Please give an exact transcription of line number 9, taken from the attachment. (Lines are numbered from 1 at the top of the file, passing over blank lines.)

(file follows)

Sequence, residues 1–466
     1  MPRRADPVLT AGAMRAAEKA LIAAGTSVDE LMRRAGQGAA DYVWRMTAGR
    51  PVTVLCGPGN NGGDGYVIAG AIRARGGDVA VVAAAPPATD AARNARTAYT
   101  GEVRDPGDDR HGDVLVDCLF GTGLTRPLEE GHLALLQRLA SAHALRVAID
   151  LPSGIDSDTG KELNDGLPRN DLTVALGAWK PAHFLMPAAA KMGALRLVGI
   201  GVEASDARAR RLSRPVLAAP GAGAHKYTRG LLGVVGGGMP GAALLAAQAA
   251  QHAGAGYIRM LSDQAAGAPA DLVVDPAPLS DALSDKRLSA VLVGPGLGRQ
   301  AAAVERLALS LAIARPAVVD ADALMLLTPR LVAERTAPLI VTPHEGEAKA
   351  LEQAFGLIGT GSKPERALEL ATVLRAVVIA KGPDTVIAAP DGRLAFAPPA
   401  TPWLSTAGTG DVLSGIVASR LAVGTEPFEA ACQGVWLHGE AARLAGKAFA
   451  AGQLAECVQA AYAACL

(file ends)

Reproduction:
   351  LEQAFGLIGT GSKPERALEL ATVLRAVVIA KGPDTVIAAP DGRLAFAPPA